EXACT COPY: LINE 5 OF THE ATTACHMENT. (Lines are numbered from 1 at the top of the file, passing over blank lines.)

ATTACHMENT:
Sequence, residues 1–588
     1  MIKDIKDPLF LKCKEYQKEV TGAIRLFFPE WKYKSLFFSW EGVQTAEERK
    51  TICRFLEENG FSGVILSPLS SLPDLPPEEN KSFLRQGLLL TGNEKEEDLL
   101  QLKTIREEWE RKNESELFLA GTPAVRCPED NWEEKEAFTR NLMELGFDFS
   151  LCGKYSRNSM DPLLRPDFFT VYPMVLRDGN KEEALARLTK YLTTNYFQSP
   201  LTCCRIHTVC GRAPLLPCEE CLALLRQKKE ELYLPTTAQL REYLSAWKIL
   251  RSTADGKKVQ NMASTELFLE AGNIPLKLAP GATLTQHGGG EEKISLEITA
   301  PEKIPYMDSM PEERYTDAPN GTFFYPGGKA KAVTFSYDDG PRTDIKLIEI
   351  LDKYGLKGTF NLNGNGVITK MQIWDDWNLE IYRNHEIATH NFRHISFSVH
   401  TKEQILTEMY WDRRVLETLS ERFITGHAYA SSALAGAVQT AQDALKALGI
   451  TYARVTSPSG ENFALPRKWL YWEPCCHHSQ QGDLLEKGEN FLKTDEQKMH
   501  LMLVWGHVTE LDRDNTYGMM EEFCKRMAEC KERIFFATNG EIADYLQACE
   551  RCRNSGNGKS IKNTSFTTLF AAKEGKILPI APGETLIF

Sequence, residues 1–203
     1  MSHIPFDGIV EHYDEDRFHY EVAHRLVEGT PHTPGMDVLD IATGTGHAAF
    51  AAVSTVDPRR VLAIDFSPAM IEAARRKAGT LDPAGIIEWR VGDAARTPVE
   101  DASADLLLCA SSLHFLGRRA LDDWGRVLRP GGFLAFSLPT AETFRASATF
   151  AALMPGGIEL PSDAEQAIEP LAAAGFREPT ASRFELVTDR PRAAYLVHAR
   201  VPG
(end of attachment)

   151  LCGKYSRNSM DPLLRPDFFT VYPMVLRDGN KEEALARLTK YLTTNYFQSP